This is sequel to an earlier publication which covered certain misconceptions that engender strife and malice among Christian musicians. The feedbacks I have gotten so far from people who have read the first part of this article have been somewhat shocking. Before putting pen to paper I considered the backlash I would get for challenging the status quo within the Christian music community but surprisingly, all I have been getting on my social media platforms are gratitude, thumbs up and encouragements. I have also come to understand that these issues are not confined to the Nigerian gospel music scene. Most of my feedbacks came from music stakeholders based beyond the shores of Africa. The misconceptions discussed earlier include Performance, Artistry, Special Effects, Appearance/Presentation and Entertainment so if you haven’t read it yet, please do. This second part will deal with some other misconceptions existing within Christian music circles.
The purpose of this write-up should never be forgotten or overlooked else we will just spend valuable time, condemning each other on various grounds. This article is engineered to clear the air on common misguided attempts to brandish holiness among musicians thereby stigmatizing certain others. The truth is, whether a Christian musician is actually manifesting traits of an unbeliever or not, it is our duty not to condemn but to uphold in love. The pride and contempt going on in Christian music circles will stifle our work for the kingdom individually and collectively. In an attempt to objectively iron things out, I have put this piece together.
That been said, here are some more areas of misconceptions that exist among us.
Of recent I found out that the word ‘show’ (as in, attending a show) is considered offensive to some Christian artistes. I mean some people actually take offense when you refer to their events or any Christian gathering as ‘shows’ or ‘gigs’. I was in a discussion with a number of Christian musicians when the matter came up and it got so fierce that people’s holiness and spirituality were being questioned right there. Please help me oh; who is that person that said that shows are for unbelievers and should not be attended or organised by Christians? Why do we feel the need to categories a neutral amoral word as ungodly simply because we want to portray the form of godliness, why?!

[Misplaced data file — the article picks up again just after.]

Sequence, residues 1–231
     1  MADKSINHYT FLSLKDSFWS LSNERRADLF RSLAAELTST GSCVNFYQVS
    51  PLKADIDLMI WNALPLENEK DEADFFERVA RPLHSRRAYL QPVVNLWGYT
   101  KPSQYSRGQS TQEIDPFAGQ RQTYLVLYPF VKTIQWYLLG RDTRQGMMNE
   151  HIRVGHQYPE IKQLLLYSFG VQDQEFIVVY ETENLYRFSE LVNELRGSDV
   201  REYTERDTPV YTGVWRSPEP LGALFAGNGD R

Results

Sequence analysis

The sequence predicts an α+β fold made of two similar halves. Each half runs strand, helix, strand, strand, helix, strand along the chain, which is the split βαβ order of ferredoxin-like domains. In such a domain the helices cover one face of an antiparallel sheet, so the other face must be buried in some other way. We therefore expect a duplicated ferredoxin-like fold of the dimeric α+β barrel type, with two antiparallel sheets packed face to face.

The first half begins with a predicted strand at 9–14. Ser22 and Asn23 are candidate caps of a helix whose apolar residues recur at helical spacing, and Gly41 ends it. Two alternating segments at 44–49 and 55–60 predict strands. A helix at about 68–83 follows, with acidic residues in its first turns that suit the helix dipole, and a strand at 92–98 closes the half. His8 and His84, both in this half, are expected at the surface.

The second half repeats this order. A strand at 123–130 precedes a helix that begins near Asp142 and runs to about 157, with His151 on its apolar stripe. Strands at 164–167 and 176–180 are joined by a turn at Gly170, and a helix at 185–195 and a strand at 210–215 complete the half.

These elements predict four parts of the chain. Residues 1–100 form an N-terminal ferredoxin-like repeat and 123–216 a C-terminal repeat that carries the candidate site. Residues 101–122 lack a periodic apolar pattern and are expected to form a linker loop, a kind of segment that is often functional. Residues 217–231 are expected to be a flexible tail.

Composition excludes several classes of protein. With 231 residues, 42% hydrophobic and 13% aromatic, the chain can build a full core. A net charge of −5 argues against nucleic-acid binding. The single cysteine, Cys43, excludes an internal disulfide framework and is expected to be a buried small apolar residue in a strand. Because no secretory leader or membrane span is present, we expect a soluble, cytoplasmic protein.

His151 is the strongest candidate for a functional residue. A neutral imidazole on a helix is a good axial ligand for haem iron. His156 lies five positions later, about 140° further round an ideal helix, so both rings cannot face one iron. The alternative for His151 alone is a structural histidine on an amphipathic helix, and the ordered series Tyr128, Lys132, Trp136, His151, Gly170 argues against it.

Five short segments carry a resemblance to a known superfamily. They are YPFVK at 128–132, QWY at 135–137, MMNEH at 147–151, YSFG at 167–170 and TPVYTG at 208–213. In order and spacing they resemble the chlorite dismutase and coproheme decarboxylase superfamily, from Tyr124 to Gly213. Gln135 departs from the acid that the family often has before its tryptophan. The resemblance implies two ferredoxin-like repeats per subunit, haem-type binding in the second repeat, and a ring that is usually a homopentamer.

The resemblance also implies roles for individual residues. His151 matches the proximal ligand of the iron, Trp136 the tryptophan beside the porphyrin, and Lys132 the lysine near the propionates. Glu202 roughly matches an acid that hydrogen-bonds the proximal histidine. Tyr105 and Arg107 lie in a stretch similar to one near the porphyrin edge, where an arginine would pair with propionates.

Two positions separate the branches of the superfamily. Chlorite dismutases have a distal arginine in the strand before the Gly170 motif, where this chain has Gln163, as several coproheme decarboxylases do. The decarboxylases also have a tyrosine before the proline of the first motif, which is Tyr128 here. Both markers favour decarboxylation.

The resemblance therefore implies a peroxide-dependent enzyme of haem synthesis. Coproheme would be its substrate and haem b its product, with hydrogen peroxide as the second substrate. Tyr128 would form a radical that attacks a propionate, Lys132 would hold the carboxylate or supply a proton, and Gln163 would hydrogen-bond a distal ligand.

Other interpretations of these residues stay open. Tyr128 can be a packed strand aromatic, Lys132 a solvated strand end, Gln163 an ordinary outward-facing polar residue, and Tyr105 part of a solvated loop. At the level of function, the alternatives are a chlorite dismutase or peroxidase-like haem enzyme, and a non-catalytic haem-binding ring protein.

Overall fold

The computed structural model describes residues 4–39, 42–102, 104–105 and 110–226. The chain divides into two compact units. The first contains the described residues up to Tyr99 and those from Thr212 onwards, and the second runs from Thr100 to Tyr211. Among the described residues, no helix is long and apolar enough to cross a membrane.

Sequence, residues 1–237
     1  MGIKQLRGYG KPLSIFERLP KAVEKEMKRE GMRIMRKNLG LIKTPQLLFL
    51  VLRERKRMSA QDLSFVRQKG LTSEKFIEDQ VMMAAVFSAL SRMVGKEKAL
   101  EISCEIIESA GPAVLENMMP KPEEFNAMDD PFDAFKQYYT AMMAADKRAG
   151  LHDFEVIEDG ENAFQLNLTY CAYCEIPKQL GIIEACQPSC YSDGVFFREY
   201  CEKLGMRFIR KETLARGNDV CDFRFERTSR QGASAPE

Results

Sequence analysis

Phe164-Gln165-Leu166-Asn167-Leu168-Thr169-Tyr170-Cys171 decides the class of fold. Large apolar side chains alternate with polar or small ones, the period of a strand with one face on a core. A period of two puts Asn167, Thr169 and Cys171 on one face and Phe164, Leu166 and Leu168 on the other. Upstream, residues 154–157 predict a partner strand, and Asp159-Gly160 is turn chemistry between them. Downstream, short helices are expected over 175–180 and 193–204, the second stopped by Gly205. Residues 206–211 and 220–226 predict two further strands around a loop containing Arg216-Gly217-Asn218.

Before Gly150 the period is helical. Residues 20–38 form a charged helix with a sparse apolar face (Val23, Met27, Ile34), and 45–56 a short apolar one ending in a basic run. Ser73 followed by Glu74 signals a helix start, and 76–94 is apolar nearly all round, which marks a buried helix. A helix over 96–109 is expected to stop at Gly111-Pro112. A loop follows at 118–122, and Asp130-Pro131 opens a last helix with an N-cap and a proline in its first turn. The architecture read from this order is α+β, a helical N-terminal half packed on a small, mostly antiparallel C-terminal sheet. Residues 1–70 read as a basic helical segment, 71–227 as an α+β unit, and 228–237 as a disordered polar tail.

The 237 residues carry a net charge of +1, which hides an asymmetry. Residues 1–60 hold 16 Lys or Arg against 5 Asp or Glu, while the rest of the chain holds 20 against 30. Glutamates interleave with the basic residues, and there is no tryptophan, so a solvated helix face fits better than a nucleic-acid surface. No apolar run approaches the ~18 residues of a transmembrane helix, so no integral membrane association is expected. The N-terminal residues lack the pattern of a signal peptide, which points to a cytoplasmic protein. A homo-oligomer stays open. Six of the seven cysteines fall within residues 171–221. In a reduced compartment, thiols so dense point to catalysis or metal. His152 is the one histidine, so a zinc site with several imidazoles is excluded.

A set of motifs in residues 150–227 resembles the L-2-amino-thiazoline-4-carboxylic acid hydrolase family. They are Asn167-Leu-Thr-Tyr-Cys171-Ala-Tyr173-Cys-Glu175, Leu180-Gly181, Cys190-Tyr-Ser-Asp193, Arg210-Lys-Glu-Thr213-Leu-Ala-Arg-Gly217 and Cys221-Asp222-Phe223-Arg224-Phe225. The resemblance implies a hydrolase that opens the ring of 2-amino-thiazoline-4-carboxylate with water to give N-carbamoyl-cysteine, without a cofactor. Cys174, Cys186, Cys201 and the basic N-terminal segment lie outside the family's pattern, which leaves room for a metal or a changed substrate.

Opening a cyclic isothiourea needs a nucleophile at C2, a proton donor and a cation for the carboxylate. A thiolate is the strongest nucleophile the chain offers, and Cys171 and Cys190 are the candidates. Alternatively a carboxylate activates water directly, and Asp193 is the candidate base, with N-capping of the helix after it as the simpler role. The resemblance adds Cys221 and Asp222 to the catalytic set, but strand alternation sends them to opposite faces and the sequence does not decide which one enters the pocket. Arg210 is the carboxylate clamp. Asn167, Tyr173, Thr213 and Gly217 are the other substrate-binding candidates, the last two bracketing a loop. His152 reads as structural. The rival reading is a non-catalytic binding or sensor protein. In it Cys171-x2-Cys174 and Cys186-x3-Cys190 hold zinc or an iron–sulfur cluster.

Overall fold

Is the TD Jakes show ungodly? Is the Donnie McCluckin Radio show unrighteous? Are the hosts of these shows sinners? Have you at any time seen them commit sin in any of these shows? May God help us oh. This holiness we are trying to attain by our own strength is the sin that keeps us from actually being holy. Now a keyboardist tells his church MD that he is going for a show and oga MD assumes he is going to a club.
I will simply end this section in the words of my Pastor “all na show, the question is who you are showing off?” You organise a concert in your church tagging it ‘a time of pure worship’ and invite your church members to come and hear you run scales, scream, sweat and sub while another fellow organises a concert tagging it ‘Jesus on the streets’ where he takes the gospel of Jesus to the hood with controversial genres like gospel hip hop and rock as dreadlocked artistes shout ‘Jesus’ at the top of their voices all day so the world will know who their saviour is; then you have the guts to condemn his event simply because he calls it a show?! My brother, all na show oh, the question is who you are showing off.
Ministry and Ministration